I just read through my classmate Marshall's blog post and something he said spurred a thought. He said that he thought the author was doing a great job of arguing for her theory. My thoughts exactly! Whereas Marshall loves games and is reading this book from a gamers perspective, I on the other hand am on the opposite end of the spectrum.
When I was a young kid in school, I can actually remember when the first gaming systems came out, or at least the first few video games. A lot of my friends had the Atari, but my parents couldn't really afford the Atari, so instead my brother and I got the knock off-ColecoVision. And man was it cool. We played on occasion and after school, but playing too much was never a problem then. I then got the original Nintendo 64 when it came out, and that was just as cool. The best part was learning that there were secret codes to games, which is what the majority of out break time at school was spent discussing. I especially remember when the code was leaked for how to beat the main boxer in Mike Tyson, and how to beat the last level of Super Mario Brothers. Those were the days...
And I can honestly say that that was the last time I owned any game system. Sure, I have played games since a few times, and have lots of friends who are like Marshall, but I honestly could take them or leave them. Which is what brings me to my next point about the author and something else Marshall said. She really does seem biased and almost annoying in her way of trying to prove to us that there are more intelligent reasons for gaming than it's just something to pass the time by with. I do like the real world statistics and examples she gives us (innovation strategy, real world examples and statistics of gamers usage). And especially going into the 2nd section of the book, she really transitions into intelligent arguments for her beliefs and theory. Her alternative theories on the benefits are great reading.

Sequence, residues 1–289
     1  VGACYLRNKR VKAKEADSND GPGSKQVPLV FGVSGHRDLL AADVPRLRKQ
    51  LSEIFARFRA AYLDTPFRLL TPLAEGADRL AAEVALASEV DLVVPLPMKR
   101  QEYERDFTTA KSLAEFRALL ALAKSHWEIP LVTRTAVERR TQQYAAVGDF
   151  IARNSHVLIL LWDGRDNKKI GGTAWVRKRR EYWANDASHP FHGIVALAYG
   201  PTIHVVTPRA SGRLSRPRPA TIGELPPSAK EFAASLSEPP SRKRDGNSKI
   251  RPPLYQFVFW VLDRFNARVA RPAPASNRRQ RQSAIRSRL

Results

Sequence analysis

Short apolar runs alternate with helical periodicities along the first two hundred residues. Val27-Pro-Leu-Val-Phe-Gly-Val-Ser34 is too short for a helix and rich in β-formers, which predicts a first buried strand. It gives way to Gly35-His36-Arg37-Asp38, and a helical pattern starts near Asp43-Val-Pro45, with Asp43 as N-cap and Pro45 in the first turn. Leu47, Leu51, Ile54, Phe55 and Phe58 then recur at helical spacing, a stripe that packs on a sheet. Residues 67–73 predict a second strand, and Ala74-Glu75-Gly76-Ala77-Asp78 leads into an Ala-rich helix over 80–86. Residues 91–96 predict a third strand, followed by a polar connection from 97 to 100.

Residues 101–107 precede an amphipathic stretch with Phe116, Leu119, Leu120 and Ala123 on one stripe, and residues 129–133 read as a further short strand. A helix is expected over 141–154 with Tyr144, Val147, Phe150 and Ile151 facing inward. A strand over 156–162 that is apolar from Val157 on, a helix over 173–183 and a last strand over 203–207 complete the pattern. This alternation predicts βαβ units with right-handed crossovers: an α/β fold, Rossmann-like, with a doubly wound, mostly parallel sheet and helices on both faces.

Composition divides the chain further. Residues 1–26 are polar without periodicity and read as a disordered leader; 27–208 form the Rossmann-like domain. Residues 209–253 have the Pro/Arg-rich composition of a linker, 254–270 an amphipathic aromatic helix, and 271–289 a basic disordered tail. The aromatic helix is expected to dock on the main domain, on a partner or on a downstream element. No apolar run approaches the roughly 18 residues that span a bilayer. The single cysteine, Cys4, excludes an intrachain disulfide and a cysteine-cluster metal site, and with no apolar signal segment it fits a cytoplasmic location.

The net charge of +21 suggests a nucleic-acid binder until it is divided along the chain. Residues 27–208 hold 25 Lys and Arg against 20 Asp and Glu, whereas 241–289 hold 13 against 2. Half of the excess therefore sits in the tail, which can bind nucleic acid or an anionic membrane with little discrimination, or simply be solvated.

But let me finish with this. I actually liked and enjoyed reading these couple of sections. I think the author is extremely intelligent, makes wonderful points and somehow managed to keep my attention on a topic that I honestly have no knowledge of. But, I don't think it's an exit from reality. I think it is the users attempt at trying to incorporate a hobby into their current reality and writing it off as such. But then again, what do I know. The last system I owned was Nintendo 64. However, if games aren't a part of ones life and an existence is made without games, how does that fit into the argument? I don't think reality is broken, I think the definition of reality is broken. Games don't need fixing, the actual real world does.